GA may get own form of gov’t assistance
Now that Congress has completed its $15 billion bailout of the airlines as a result of September 11, attention is finally turning to the small aviation businesses that lost and continue to lose money.
On December 13 the House aviation subcommittee unanimously approved H.R.3347, The General Aviation Industry Reparations Act of 2001, which authorizes $5 billion in loan guarantees for GA “entities” and compensation for direct losses to these entities up to a total of $2.5 billion.
“General aviation has been a forgotten victim of September 11,” said Rep. John Mica (R-Fla.), chairman of the subcommittee and chief sponsor of the bill. “Out of fear, out of haste, out of caution, the federal government closed down major portions of our National Airspace System to general aviation flights.”
In addition to the loans and compensation for losses as a result of any federal ground-stop order or any subsequent order that continues or renews such a stoppage, it would also provide compensation for incremental losses incurred beginning on September 11 and ending on December 31 last year. Further, it would make general aviation entities eligible for war-risk insurance and expands the definition of GA entities to include GA airports.
H.R.3347 must still be approved by the entire House Transportation and Infrastructure (T&I) Committee before it can be submitted to the House floor for a vote. T&I chairman Don Young (R-Alaska), an original cosponsor of the bill, and Rep. James Oberstar (D-Minn.), the ranking minority member of the full committee, are both in agreement that GA has a good case for compensation, although Oberstar would like it to include aid for displaced workers.
Mica said that unlike the airlines, which were grounded for a few days, GA flights around major metropolitan areas were prohibited for weeks. In fact, he said, “countless general aviation businesses around Boston, New York and Washington are still prohibited from conducting business.”
Mostly ‘Mom and Pop’ Shops
Most of these are small, locally owned enterprises that Mica described as “mom and pop” shops. He said that many have already closed their doors and hundreds more may soon follow.
General aviation trade groups hailed the House vote. “Most of these companies are too small to have significant cash reserves, are not publicly traded and do not have access to capital markets,” said Ed Bolen, president of the General Aviation Manufacturers Association. Added National Air Transportation Association president James Coyne, “It is simply unbelievable that general aviation operators, more than three months after the September 11 attacks, continue to have airspace restrictions imposed on them in certain locations by the federal government and have yet to see a dime in financial relief.”
AOPA sent a letter to every member in the House, requesting that they sign on as co-sponsors. Members of the General Aviation Coalition testified before Congress that the losses incurred by GA small businesses do not appear to qualify for relief under any established federal law or program.
In October, Rep. Bill Shuster (R-Pa.) introduced H.R.3007, The General Aviation Small Business Relief Act of 2001, and Sen. Tom Harkin (D-Iowa) offered a similar–but not identical–version in the Senate: S.1552, The General Aviation Small Business Assistance Act. Both provide grants and loans through the Small Business Administration for losses incurred as a result of the attacks. Although there had been no direct action on either bill by early last month, there was an unsuccessful attempt to add H.R.3007 as an amendment to the aviation security bill, which was signed into law in mid-November.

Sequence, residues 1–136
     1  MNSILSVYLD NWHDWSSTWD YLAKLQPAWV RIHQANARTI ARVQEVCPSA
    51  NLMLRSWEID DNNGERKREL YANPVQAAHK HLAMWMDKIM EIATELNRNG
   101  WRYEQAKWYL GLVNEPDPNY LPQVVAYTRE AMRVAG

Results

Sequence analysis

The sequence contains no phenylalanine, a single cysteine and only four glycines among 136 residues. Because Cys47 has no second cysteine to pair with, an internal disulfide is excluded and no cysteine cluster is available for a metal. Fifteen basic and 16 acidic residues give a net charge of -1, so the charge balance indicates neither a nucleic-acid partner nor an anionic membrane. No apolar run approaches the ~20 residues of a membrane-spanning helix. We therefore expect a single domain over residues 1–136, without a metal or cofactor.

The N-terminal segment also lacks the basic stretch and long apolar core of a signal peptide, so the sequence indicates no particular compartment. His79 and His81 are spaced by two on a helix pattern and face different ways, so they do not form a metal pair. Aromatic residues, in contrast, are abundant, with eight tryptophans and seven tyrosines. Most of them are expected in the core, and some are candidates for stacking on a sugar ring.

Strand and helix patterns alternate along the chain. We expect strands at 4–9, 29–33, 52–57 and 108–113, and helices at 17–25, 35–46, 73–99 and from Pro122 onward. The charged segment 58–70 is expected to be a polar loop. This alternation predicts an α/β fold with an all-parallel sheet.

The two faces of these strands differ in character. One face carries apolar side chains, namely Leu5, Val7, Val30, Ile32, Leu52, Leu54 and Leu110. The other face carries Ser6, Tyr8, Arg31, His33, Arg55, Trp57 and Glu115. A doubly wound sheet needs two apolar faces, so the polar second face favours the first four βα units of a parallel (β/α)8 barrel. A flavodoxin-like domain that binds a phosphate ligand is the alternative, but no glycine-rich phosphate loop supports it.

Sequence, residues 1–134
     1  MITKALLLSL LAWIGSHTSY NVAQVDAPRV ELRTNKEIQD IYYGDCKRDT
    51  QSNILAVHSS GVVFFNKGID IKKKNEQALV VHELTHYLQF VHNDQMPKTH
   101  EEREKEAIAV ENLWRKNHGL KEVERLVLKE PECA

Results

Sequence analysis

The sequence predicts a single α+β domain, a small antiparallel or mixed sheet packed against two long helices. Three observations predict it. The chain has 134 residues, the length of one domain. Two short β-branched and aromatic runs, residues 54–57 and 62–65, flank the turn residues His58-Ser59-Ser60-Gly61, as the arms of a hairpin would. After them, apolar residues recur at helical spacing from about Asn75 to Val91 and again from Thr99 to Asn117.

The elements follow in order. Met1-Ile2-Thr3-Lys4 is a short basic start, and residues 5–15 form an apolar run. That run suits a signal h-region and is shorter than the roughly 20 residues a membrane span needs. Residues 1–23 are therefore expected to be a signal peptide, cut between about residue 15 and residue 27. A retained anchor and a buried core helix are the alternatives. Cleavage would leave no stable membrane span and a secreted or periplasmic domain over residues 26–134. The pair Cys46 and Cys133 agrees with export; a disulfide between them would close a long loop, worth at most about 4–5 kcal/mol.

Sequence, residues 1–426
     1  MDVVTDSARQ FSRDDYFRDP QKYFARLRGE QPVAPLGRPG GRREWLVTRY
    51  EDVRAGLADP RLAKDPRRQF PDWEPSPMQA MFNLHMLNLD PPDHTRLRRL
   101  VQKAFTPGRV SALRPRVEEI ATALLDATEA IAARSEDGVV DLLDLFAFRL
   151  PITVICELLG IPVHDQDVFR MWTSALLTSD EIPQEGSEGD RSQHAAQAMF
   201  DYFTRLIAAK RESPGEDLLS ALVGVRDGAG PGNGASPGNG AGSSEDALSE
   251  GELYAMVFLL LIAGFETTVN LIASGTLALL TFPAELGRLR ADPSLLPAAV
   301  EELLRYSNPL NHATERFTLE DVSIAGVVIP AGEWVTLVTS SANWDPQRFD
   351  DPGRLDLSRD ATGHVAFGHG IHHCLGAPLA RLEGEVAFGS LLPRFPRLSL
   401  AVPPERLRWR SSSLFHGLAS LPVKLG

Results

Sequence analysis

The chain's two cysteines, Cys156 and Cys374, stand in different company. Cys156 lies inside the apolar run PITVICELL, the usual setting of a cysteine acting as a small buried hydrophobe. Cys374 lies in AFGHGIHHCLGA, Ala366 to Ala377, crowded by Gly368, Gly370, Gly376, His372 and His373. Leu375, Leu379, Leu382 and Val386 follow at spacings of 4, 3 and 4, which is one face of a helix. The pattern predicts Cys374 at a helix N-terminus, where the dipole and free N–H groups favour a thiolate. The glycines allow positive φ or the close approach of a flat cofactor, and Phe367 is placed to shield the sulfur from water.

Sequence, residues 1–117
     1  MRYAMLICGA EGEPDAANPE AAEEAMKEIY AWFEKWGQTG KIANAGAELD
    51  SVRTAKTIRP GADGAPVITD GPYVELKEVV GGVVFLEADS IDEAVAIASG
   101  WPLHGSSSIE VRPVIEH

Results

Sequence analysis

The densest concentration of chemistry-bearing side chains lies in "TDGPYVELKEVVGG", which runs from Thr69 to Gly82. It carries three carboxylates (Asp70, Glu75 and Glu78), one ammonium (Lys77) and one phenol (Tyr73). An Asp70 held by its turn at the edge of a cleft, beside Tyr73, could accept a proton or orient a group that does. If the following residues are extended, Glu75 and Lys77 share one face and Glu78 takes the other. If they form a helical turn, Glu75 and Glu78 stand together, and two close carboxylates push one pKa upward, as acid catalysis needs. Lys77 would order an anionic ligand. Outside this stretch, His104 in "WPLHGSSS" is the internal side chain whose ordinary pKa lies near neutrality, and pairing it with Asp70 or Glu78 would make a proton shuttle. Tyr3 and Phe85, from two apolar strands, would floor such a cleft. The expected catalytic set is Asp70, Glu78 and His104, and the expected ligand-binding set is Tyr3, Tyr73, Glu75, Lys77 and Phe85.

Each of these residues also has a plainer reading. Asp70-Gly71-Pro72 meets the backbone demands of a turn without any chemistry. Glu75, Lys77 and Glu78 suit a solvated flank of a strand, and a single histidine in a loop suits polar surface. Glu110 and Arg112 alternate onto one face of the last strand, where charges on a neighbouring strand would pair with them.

S.1552 complements The American Small Business Emergency Relief and Recovery Act of 2001 (S.1499) introduced by Sens. John Kerry (D-Mass.) and Christopher Bond (R-Mo.). Its companion bill in the House, H.R.3073, was sponsored by Rep. Donald Manzullo (R-Ill.).
The Harkin bill (S.1552) would provide for direct “grants” to GA small businesses affected by the shutdown of airspace, whereas the Kerry-Bond bill would grant disaster “loans.” Terms of these loans include deferred payments and forgiven interest for two years.
NATA asked its members to call their House representatives immediately, asking them to cosponsor Mica’s bill. “It is imperative that NATA members contact their House representatives to support this measure so that it garners support for consideration as an amendment to the economic stimulus package currently being considered by Congress,” NATA said.
The association said that members should stress that no financial relief has been provided to America’s GA aviation businesses as a result of the airspace restrictions mandated by the federal government, describe the amount of revenue that they lost and the employee furloughs that have occurred or are imminent, and state that many aviation businesses throughout the country have furloughed employees; and in some cases are being operated only by the owners of the company.
NBAA pointed out that Mica’s bill authorizes the Air Transportation Stabilization Board to consult with the Small Business Administration to enter into agreements to issue federal credit instruments if the obligor is a general aviation entity for which credit is not reasonably available at the time of the transaction and the intended obligation by the obligor is prudently incurred.
It also requires the President to give priority compensation to small businesses based on the length of time that the business has been unable to operate as result of restrictions placed after September 11.